Finding Renewable Energy at Home

NEW YORK (MainStreet)—Finding ways to use renewable energy at home is now even easier with many products touting the ability to save and reduce the amount of energy we consume.

A quick trip to the local hardware store can help you get started in the right direction. Replace your outdoor lights illuminating your front door with solar light bulbs. They can emit just as much light as traditional ones and will last much longer, depending on the season and where you live.

Even simple, short-term solutions can help reduce your electric bill and help you leave less of a carbon footprint.

Various types of motion sensors are sold for light bulbs, ceiling fans and other products. The sensors can detect when there is inactivity in a room and will turn off after a few minutes. They are inexpensive and relatively easy to install, said William Holt, urban environmental studies program coordinator at Birmingham-Southern College, Birmingham, Ala.

Unplugging appliances that are used infrequently such as your toaster, printer or shredder is also beneficial, Holt said. Household appliances still use energy even if they are turned off.

Even your watch can be operated with solar now and helps you cut down on the amount of batteries that need to be purchased, preventing them from taking up space in a landfill later on, he said.

Instead of buying expensive fertilizer and pre-mixed potting soils, consumers can compost their waste and use that for their yard and flowers.

"If you have a couple of million people making a small change, it actually adds up to a large change for society," Holt said.

Inspecting the physical separator between the interior and the exterior environment of a building, consumers can insulate and seal leaks, said Standard Energy Solutions, the energy efficiency business of Standard Solar. Insulation and air sealing in the proper places will keep cool air in and reduce the amount of hot air that enters. Homes often have rooms that do not reach the same temperature as the rest of the home and become either too hot or cold.

Install LED bulbs to decrease the amount of heat produced by lighting in the home. LED bulbs not only use less energy, but they also produce less heat. Incandescent bulbs can reach 180 degrees and 90% of the energy released is heat and only 10% is light. On the other hand, a LED bulb runs at an average temperature of 90 degrees and converts 60% of its electricity to light.

Participate in local utilities' peak power shut off program. Many utility companies have programs that provide cash or credits for agreeing to have a switch installed on the air conditioning unit that reduce its energy use during times of peak electric usage. This can help lower energy costs.

"Considering the long-term trend of rising energy costs, it makes perfect sense for homeowners to make sure that their home is operating at its most efficient," said Rick Berube, executive vice president of operations for Standard Solar.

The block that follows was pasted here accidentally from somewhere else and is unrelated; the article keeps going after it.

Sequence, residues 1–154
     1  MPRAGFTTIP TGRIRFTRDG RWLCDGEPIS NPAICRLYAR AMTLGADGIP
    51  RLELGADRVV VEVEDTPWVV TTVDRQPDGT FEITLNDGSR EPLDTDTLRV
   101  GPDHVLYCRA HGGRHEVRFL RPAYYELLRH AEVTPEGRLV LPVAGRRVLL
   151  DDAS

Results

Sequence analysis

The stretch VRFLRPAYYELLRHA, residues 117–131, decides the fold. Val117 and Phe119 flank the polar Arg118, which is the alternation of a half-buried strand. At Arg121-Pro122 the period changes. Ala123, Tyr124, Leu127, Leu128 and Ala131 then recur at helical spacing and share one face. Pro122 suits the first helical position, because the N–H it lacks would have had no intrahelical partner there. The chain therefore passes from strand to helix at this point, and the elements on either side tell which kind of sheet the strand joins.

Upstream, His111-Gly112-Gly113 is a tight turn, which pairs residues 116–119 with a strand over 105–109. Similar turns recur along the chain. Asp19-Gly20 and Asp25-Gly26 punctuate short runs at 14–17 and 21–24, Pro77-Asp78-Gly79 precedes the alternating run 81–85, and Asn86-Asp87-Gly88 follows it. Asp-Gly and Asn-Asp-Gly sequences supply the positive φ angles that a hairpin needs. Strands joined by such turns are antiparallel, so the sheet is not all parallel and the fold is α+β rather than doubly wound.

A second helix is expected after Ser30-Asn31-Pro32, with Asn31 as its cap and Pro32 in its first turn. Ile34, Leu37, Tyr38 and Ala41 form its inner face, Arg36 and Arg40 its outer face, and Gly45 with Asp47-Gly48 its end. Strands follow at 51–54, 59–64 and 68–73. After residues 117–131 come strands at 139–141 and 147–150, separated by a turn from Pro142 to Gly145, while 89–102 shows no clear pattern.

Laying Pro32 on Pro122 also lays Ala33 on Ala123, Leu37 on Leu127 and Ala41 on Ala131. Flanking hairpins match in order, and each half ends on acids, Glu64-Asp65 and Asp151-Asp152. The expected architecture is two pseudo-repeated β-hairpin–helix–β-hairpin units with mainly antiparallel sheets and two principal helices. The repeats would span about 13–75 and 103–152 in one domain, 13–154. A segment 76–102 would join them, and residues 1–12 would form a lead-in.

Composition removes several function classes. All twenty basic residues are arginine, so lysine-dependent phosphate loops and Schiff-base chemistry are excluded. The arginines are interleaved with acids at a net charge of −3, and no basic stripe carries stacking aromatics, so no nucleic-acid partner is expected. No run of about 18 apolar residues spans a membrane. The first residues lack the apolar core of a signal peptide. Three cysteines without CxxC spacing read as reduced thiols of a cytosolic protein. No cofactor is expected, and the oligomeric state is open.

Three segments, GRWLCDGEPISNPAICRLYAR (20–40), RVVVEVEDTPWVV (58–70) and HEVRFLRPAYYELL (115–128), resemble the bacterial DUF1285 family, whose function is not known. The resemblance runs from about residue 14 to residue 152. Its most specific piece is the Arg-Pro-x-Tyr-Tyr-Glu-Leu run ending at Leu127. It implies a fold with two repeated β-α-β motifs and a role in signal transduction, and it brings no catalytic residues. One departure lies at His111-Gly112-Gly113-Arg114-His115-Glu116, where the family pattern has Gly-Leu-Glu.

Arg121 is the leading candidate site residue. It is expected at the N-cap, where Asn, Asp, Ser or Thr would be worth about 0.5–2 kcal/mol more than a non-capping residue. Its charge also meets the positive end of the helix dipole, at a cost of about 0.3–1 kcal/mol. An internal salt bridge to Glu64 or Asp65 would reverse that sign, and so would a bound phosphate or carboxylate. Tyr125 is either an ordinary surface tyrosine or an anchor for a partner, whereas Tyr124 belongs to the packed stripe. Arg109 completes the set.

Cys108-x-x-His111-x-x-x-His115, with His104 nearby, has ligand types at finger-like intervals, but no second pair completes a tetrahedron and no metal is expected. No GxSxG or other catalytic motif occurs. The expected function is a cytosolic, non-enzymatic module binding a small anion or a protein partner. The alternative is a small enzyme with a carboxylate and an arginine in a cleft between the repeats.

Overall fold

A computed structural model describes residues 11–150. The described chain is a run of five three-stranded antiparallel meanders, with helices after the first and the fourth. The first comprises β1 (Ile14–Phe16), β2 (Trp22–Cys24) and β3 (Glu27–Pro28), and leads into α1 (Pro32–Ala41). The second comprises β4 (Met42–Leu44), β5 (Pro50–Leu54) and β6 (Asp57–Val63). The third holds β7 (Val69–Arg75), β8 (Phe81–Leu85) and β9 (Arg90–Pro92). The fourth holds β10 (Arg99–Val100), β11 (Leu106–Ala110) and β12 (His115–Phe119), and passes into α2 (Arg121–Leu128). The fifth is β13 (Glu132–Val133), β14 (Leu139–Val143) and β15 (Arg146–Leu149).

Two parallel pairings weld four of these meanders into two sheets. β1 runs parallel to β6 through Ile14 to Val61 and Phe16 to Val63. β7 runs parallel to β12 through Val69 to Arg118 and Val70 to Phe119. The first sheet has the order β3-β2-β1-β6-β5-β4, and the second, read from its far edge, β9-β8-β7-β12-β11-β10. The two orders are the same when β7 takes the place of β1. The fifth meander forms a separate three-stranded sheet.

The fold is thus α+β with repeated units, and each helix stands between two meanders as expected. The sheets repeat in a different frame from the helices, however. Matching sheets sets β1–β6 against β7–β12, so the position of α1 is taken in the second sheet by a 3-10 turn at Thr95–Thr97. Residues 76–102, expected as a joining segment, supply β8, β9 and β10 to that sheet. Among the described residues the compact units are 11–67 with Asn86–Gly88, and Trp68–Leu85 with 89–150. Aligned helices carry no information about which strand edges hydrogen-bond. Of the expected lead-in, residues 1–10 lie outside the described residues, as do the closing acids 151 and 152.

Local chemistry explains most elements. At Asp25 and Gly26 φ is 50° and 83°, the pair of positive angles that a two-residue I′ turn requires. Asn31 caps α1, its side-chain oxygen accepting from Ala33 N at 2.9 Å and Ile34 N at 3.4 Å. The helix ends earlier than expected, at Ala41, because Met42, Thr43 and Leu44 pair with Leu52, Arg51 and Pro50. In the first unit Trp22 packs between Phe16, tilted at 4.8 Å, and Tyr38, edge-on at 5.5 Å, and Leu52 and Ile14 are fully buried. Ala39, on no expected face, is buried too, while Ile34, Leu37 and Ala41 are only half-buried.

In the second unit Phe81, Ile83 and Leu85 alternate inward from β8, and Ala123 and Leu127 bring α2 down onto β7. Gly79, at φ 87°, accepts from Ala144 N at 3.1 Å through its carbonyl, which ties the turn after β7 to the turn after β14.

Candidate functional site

Consumers can also save money and preserve oil resources by using a "green" motor oil, which is made from re-refined base oil, said Universal Lubricants CEO Jan Horsfall.

Using a "green" motor oil is beneficial to the environment because re-refining used oil requires up to 89% less energy than refining from virgin crude, he said.

"There's no reason not to recycle used oil," Horsfall said. "It's good for business, good for the economy and great for the environment."

Re-refining used oil releases up to 65% fewer harmful emissions than refining from virgin crude and putting used motor oil into the re-refining cycle eliminates the danger that comes from improper disposal. One gallon of improperly disposed motor oil can contaminate one million gallons of ground water, he said.

"Recycling just two gallons of used motor oil can power an average home for an entire day, protect our landfills, prevent groundwater pollution and reduce our dependency on foreign oil," Horsfall said. "Our closed loop process is an infinitely repeatable, sustainable cycle in which waste oil can be used over and over again. We collect over 40 million gallons of used oil from across the country each year, recycle 99% of it after water is taken out and return it to the marketplace in the form of high performance motor oils, transmission fluids and other byproducts like asphalt flux for use in roads and roofing materials."

Another option is to install window film to lower cooling costs by 30%, eliminate hot spots from glare or retain heat in the winter, said Darrell Smith, executive director of the International Window Film Association, a nonprofit organization.

For energy efficient upgrades planned for 2013 or made in 2012, window film is eligible for the tax credits approved by Congress and the tax incentive can cover up to 10% percent of the cost of the installation of window film and up to a maximum of $500. The payback period for window film can be less than two years, depending on construction details, location and the type of window film used.

"Consumers can obtain the advantages of new windows without the high cost of window replacements by having window film professionally installed on older windows that are structurally sound," he said.

In a single-family home, window film installation costs can range from $3 to $11 per square foot, depending on the type of window film installed and the process can be completed in one or two days. The IWFA offers a free consumer booklet by clicking here.

--Written by Ellen Chang for MainStreet

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